February 13, 1737

General Introduction for 1737

Francis Walett: “The original of the diary from Sept 1728 to Jan. 1740 has evidently been lost. Fortunately a portion of this (February 1737 to November 1737) was published by the Westborough Historical Society in The Diary of Ebenezer Parkman . . . , ed. by Harriette M. Forbes (Westborough, 1899).[1]  The present editor has been completely dependent upon the transcription of Mrs. Forbes, and only minor changes of form in her text have been made.  This has meant, essentially, writing out abbreviated words as has usually been done throughout the diary.  Some material from Mrs. Forbes’ notes has been incorporated in this work, and numerous other references added.”

Additional Note: This version incorporates both Forbes’s and Walett’s footnotes, with the author of the various notes indicated by last name.

[1]Harriette M. Forbes, ed., The Diary of Rev. Ebenezer Parkman, of Westborough, Mass., for the Months of Feb., Mar., Apr., Oct. and Nov., 1737, Nov. and Dec. of 1778, and the Years of 1779 and 1780 ([Westborough,] 1899), 9-47.  The original may be found at: https://archive.org/details/diaryofrevebenez00park.


Diary Entry

1737 February 13 Sunday).  by the means thereof.  That we may be awares and have our Eyes open our minds apprehensive now, and not have the first thorow sense of those Things in the midst of the unhappy Experience of them.

February 15, 1737

1737 February 15 (Tuesday).  I rode to Concord.  Mr. Flagg[1] of Grafton my Company, from Biglo’s in Marlborough.  Mr. Whiting[2] and his wife had rid out.  Capt. Joseph Buckley Spent the evening with us.  I had conversation an hour or two with Mrs. Israel Whiting, lodged here.

[1]Walett: Eleazer Flagg.

[2]Forbes: Rev. John Whiting, of Concord, died May 4, 1752, aged 71.  He was pastor of the church for 26 years, a man of wealth, learning, influence and talents” – “a gentleman of singular hospitality and generosity.”  His second wife, whom he married in 1731, was the widow of Dr. Jonathan Prescott.  He was the grandson of Hon. Thos. Danforth, deputy-governor.

Walett: Rev. John Whiting of Concord.

February 16, 1737

1737 February 16 (Wednesday).  Lieut. Trowbridge came to Mr. Whiting’s and was my Company to Watertown.  Lodged at Father Champney’s[1] at Cambridge.

[1]Forbes: “Father Champney” was Samuel Champney, of Cambridge, born March 8, 1666-7 and died in March 1745-6.  Mr. Parkman’s first wife was his daughter Mary, who was baptized May 21, 1699, married July 7, 1724, and died Jan’y 29, 1735-6.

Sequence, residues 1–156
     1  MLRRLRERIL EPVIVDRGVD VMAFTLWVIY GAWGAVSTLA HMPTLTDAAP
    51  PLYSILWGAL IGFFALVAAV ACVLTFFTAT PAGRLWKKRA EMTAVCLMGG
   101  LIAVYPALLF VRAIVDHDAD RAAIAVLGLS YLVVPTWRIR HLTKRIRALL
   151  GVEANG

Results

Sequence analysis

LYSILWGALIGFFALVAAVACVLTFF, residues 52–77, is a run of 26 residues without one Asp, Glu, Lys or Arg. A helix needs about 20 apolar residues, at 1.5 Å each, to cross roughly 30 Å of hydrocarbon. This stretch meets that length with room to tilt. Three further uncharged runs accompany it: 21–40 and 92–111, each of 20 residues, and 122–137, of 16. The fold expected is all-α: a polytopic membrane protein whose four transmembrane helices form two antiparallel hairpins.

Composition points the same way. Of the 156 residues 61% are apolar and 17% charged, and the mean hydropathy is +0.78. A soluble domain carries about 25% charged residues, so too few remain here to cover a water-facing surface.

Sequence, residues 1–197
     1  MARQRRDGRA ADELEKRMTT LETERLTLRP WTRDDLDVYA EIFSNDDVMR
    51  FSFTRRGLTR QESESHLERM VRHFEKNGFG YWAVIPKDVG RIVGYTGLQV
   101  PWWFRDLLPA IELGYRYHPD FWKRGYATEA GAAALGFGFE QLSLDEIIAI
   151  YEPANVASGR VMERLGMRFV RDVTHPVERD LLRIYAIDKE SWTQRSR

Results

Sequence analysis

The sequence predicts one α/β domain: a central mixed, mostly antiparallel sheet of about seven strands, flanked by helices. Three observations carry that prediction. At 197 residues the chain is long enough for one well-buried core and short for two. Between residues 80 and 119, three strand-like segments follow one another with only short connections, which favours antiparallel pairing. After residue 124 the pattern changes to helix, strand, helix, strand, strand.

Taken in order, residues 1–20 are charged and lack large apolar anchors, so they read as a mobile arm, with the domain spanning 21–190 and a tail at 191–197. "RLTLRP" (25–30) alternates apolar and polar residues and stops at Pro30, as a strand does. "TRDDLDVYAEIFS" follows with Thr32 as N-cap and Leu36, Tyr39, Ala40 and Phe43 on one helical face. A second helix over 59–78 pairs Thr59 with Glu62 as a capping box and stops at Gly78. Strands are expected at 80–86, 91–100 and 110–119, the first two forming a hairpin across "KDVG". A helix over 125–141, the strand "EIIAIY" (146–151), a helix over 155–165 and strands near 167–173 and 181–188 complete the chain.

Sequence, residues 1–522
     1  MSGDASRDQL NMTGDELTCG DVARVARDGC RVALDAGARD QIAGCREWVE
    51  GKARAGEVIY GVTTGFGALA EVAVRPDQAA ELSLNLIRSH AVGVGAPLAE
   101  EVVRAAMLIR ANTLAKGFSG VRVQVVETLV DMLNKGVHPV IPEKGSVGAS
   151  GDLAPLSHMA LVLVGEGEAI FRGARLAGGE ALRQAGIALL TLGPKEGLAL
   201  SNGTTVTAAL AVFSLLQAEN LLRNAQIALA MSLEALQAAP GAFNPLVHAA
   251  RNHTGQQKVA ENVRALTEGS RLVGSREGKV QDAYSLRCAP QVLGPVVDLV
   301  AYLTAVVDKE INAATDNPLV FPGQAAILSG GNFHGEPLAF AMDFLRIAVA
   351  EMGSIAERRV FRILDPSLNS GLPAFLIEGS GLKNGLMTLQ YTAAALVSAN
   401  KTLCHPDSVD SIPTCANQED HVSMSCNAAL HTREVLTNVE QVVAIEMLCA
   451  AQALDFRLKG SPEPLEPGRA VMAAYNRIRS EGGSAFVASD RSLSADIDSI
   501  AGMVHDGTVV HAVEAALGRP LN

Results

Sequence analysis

“Sister Hicks” and “Sister Lydia,” often mentioned in the Journal, were two younger sisters of the first Mrs. Parkman.  Rebecca, born in 1703, married John Hicks, while Lydia, born in 1705, was unmarried and seemed to have made her home part of the time in the minister’s family.

February 17, 1737

1737 February 17 (Thursday).  Rode to Boston.  My mother[1] a still in a measure of Comfort thro’ the Blessing of God.  I could not be seasonable for lecture.  N.B. At Mr. Increase Sumner’s[2] in the morning.   N.B. Capt. Foot[3] and Sister Elizabeth[4] and Mrs. Mary Tilestone took a ride with me in a double Slay at evening to Capt. Robert Sharp’s[5] at Brookline, and Brother Elias[6] came to us upon my Horse, after supper there.  At 10 o’clock they returned in the Slay but I tarried.  N.B. The discovery of my Inclinations to Capt. Sharp and to Madame.  By their urgent Persuasions I tarried and lodged there.  N.B. Mrs. Susanna Sharp.[7]

[1]Forbes: Among the Epitaphs on Copp’s Hill is the following: “Here lyes buried the body of Mrs. Elizabeth Parkman, the virtuous and pious consort of Mr. William Parkman, aged 85 years and 7 months, Apr. ye 13th, 1746.”

[2]Forbes: Mr. Increase Sumner was son-in-law of Capt. Robert Sharpe, having married his daughter Sarah, a year or less before this date.  She, as well as “Mistress Susanna,” was a cousin of Susannah Boylston, the mother of Pres. John Adams.

Their son Increase, born in 1746, was Governor Increase Sumner of Massachusetts.

[3]Walett: Probably Captain John Foote of Amesbury, Mass.

[4]Walett: Mrs. Elias Parkman.